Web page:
The Takeaway: Forrest Richardson managed to squeeze in 18 one-shot holes on a limited amount of ground and created a fun way to spend the afternoon with some buddies. While conditioning and architectural merits aren't the highest priority at the course, service is with plenty of staff willingly attending to your needs. Grade D
Designer: Forrest Richardson in 2017 (Jack Snyder original design in 1961)
Cost: $20.00 - $55.00 (Complimentary with a stay at the resort)
Phone Number: (480) 624-5433
Course Website: Official Website - Visit Mountain Shadows Resort (Short)'s official website by clicking on the link provided.
Directions: Get here! - 5445 E. Lincoln Drive, Paradise Valley, Arizona 85253 – UNITED STATES
What to Expect: Mountain Shadows is an upscale resort with a modest 18 hole par three course. The layout is carved through a residential development and is highlighted by the mountain backdrops and fun play. The opening six holes play on the outside edge of the development before coming into the middle of it for the next six holes and getting back out on the perimeter for the final half dozen holes. The 13th and 14th holes feature an interesting routing as the share the same green but are played from opposite tee boxes and requires players to "double back" after playing the 14th. I'm a big fan of Biarritz holes and was pretty disappointed with Forrest Richardson's version of it on the 4th hole as the green is entirely too small to get the true effect of the design and ends up being something I'd expect to find on a miniature golf course. The conditioning of the TifDwarf greens were pretty poor which leads to bumpy and inconsistent rolls, but perhaps a stronger effort is made in the winter time then in the summer when I played it since that is the season that Arizona attracts the most play. The course stays plenty busy on the weeks with millennials coming out for a quick round where they can enjoy a casual game and cold drink. The service and quality of the resort, the rooms, and food is absolutely top notch and highly recommended. But from a golf perspective, the Short course at Mountain Shadows should be saved for a time to settle some bets or to play a stress free round with your spouse.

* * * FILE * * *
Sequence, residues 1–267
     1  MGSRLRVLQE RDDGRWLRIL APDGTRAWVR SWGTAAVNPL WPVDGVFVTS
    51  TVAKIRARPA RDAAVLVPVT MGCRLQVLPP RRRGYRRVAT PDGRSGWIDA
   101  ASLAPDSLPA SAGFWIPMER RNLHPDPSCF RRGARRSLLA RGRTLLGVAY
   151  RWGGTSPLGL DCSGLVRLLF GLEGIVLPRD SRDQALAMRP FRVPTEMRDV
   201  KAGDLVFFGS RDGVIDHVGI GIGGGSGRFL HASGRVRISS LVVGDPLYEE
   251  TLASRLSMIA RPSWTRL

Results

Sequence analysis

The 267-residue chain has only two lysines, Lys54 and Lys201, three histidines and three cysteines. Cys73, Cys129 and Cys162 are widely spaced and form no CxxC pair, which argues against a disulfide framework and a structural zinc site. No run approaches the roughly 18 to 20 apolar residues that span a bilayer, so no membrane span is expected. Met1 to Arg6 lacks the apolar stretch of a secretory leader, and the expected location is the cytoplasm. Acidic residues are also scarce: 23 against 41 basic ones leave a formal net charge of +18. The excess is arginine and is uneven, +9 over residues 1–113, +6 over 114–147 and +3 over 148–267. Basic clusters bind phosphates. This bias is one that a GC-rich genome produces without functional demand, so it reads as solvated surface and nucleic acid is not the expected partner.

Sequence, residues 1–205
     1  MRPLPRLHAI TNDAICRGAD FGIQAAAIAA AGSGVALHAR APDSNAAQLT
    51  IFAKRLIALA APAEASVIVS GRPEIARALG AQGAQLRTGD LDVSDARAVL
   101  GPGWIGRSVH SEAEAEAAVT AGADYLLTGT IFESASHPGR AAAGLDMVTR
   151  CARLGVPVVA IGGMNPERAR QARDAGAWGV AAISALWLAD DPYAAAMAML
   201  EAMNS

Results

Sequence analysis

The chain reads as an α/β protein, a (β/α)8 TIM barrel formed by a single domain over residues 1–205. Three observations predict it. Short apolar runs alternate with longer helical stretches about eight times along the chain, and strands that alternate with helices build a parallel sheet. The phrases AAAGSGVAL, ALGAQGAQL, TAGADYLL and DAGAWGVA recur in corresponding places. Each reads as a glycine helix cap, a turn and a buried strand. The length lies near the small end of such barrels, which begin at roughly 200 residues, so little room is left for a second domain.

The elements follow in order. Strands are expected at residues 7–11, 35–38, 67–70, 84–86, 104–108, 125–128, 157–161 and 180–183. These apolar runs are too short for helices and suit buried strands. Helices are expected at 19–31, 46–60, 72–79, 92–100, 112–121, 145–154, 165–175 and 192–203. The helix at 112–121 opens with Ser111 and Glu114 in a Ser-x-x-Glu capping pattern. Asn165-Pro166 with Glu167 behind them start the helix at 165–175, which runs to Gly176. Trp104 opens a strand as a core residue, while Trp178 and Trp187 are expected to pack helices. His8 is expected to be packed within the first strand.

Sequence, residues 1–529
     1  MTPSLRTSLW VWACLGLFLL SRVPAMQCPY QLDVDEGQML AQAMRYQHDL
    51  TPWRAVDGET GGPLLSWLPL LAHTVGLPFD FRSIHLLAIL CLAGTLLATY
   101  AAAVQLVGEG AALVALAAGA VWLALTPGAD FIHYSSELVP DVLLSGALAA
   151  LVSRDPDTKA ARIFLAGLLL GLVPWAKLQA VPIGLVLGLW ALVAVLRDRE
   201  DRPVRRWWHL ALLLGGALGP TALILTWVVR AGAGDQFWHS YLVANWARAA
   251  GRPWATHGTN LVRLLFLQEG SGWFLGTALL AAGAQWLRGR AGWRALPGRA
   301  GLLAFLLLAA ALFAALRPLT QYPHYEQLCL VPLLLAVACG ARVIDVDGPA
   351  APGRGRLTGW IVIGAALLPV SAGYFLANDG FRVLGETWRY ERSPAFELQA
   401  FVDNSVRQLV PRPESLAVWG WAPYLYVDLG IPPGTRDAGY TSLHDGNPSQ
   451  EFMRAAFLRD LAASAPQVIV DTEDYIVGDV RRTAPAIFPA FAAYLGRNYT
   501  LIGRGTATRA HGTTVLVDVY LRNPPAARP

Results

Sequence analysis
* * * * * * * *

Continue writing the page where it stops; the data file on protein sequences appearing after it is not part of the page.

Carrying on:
By the Numbers
Individual Hole Analysis
Signature Hole: 7th (Jutty) Hole – 75 Yard Par 3 – As oasis in the desert, the 7th isn't a mirage with its dazzling water features and palm trees. This virtual island green is as gorgeous as it is fun to play. Aim for the middle of the green to take the trouble out of play and see if you can card a birdie.
Best Par 3: 10th (Punchbowl) Hole – 100 Yards – Always a favorite design of mine, the Punchbowl green offers forgiveness on the approach and anticipation of the result with a blind landing area. No matter where the flag is, aim for the center of the green and if you happen to miss your target there is a decent chance you will get a favorable kick off one of the bowl edges and end up in good shape.
Birdie Time: 12th (Oasis) Hole – 84 Yard Par 3 – The most fun hole on the course, the 12th offers a mega backstop to play off when the pin is set in the front third of the green. Throw a ball into the backstop and let the ball roll; holes in one can occur here more frequently than any other hole with the pin up front.
Bogey Beware: 4th (Biarritz) Hole – 193 Yard Par 3 – Normally I LOVE Biarritz holes, but this one left me wanting more. The size of the green is a micro version of most versions and unfortunately doesn't translate well. The pin can actually be found in the bottom of the swell that Biarritz holes are so well known for which made me wonder if I need to tee off through a clown's mouth first. At 193 yards it is the longest hole on the course and the various pin placements can be absolutely brutal to try and save par on if you miss the green. I really wanted to love this hole, but unfortunately it can only be highlighted in the review as a play to anticipate scoring poorly on.